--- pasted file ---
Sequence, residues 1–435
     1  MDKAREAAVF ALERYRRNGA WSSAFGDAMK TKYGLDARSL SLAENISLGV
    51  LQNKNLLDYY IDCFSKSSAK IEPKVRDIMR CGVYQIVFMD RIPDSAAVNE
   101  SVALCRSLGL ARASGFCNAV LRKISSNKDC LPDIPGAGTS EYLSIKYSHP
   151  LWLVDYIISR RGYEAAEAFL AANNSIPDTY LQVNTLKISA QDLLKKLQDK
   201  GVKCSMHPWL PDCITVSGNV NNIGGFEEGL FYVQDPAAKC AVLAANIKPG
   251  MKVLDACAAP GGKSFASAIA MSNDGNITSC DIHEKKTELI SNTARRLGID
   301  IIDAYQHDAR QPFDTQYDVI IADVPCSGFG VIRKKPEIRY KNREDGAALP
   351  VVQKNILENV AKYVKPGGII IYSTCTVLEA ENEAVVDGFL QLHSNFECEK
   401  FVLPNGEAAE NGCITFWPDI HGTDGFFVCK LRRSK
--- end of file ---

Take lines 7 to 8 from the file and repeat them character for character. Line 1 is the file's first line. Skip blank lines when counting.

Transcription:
   251  MKVLDACAAP GGKSFASAIA MSNDGNITSC DIHEKKTELI SNTARRLGID
   301  IIDAYQHDAR QPFDTQYDVI IADVPCSGFG VIRKKPEIRY KNREDGAALP